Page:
best type of sports drink is the one you make yourself. Check out my recipe for Home made sports drink
Health benefits of white fruit and vegetables at a glance:
- Lower cholestoral
- Lower blood pressure
- Rich source of potassium
What about ‘Nightshade’ Vegetables?
You may have heard that we should avoid eating from the ‘nightshade’ family of vegetables because there can be a risk of increased inflammation, particularly in the joints, and digestive issues for some. Nightshade vegetables contain the following vegetables: White potatoes, tomatoes, peppers, eggplant and some spices that are made from peppers such as Paprika, red pepper, chill pepper.
The bottom line is that there is very little hardcore research to prove that these vegetables are harmful in any way to healthy individuals. In fact they contain many good nutrients that are important to our bodies health. It seems that the only cause for concern might be if you have an autoimmune illness, or your immune or digestive system is already compromised. The concern comes from the Alkaloids found in nightshade vegetables. Some people may be more sensitive to the tiny amounts of alkaloids found in these plants, but most of us will find more health benefits from eating them than health issues. The Alkaloids, that are there to protect the plants from insects, are more potent in the stems and leaves than in the fruit that we eat. So at most we are consuming only tiny amounts especially if we eat a wide variety of vegetables from all categories.
For a more full explanation, I found this article very balanced and helpful: Paleoleap.com
A note about Sprouts
So I’m a BIG fan of sprouts! I usually have at least three different types on the go at the same time, sometimes four! They are not difficult to produce with a good sprouting jar, or a brownie pan if you are sprouting pea shoots. You can see my sprout tips in Sprouting 101 or Sprouting pea shoots
Sprouts come directly from seeds, and seeds contain the whole plant in a tiny package. We can’t really eat seeds directly as they wouldn’t taste good and would be hard for the body to break down and digest. However, if we sprout the seeds for a few days, eating the sprouts is actually the same as eating the entire plant rather than just the fruit or leaves. Therefore, all those cancer-preventing, anti-inflammatory, blood cleansing, immune boosting phytochemicals are present in much greater quantities for a much smaller mouthful. Sprouts are really the best way to get the most nutrients for the least amount of food and calories! Not only that but they are totally delicious and a great addition to any meal – sandwiches for added crunch, on top of salads especially, and even as a nutrition packed garnish. They can be used in a stir fried vegetable dish, or just eaten alone for a snack. Growing up my Mum sprouted Mung beans, and the taste of them now takes me back to my childhood when I loved to grab a handful and snack on them.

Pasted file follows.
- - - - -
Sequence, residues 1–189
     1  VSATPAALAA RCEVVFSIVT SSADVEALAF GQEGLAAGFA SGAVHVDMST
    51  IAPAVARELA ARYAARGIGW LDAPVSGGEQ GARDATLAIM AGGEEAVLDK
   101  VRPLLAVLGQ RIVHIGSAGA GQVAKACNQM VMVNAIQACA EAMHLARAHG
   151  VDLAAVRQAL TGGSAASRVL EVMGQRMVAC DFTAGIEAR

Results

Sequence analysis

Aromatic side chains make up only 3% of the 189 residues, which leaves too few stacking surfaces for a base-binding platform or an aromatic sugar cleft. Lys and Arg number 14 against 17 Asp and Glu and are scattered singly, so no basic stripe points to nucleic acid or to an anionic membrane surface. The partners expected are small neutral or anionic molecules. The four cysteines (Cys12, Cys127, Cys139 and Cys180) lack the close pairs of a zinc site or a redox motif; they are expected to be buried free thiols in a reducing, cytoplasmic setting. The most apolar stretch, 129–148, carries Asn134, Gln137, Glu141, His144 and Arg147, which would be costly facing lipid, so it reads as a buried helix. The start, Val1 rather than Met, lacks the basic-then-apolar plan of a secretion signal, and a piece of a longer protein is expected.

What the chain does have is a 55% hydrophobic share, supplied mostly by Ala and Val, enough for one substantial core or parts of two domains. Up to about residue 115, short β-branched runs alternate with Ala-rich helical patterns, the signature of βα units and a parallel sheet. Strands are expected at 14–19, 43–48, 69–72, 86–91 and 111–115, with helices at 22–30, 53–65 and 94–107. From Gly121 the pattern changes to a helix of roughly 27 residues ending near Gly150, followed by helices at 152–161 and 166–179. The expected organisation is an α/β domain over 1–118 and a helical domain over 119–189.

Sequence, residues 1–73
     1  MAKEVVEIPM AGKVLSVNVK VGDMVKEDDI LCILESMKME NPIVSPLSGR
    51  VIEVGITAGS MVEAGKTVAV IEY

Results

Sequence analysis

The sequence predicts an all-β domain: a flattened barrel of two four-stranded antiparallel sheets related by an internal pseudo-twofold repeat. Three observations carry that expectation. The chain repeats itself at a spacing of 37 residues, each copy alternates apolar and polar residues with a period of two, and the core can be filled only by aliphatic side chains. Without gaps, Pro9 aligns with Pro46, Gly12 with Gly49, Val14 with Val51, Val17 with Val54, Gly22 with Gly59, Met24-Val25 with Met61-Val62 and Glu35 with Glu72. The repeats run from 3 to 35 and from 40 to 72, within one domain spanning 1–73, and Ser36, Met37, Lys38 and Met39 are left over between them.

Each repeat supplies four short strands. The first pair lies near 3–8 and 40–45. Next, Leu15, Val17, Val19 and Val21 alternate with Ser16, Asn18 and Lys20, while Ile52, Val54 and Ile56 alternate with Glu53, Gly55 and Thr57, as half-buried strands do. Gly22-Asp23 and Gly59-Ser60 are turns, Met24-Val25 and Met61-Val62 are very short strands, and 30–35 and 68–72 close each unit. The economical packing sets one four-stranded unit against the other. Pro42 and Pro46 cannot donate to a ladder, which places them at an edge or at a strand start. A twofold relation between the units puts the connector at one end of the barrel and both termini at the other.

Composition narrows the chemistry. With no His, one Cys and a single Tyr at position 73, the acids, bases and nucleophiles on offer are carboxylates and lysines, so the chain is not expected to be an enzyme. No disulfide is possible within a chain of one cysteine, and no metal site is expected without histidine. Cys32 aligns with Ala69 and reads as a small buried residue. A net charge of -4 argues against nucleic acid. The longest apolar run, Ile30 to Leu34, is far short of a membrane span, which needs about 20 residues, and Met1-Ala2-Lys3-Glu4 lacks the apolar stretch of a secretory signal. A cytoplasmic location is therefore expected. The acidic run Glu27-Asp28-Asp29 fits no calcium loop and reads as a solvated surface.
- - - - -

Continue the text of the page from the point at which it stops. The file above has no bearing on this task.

Did you know that caffeine is a phytochemical? It’s actually one of the most widely consumed. It falls into a group called alkaloids. Plants make this group of phytochemicals primarily to ensure survival and ward off would be attackers such as insects and animals. As such, some of them can be poisonous to humans. They are usually bitter in taste and have a powerful physiological effect on the nervous system. Many are used in drugs such as Morphine, Codine Cocaine, Atropine, Quinine, Nicotine as well as Caffeine. However, they are not generally found in the foods we eat. The small amount of alkaloids in coffee and also in chocolate is what stimulates our nervous system and wakes us up. Coffee has been found to also contain some antioxidant benefits, as has chocolate. It is the alkaloids in nightshade vegetables that may cause concern for people with an autoimmune disease or an already compromised digestive system. (See above “What about nightshade vegetables?)
In conclusion, many of these important phytochemicals are still being studied to prove their specific health benefits. However, it is generally recognized by the medical community that we do need to consume a variety of fruit and vegetables to help protect our bodies and maintain optimal health. There are many supplements out there which extract them from their natural form, and encourage you to take these compounds as a pill. Just remember that it is always better to eat these phytochemicals as nature intended, in their ‘whole’ form, rather than extracted. Our bodies are efficient at maintaining a good balance of nutrients as long as we eat a well rounded diet. Supplements are not absorbed by the body easily, and can also throw off the nutrient balance.
So go eat all the colors of the rainbow, and enjoy looking at your food as much as you enjoy eating it!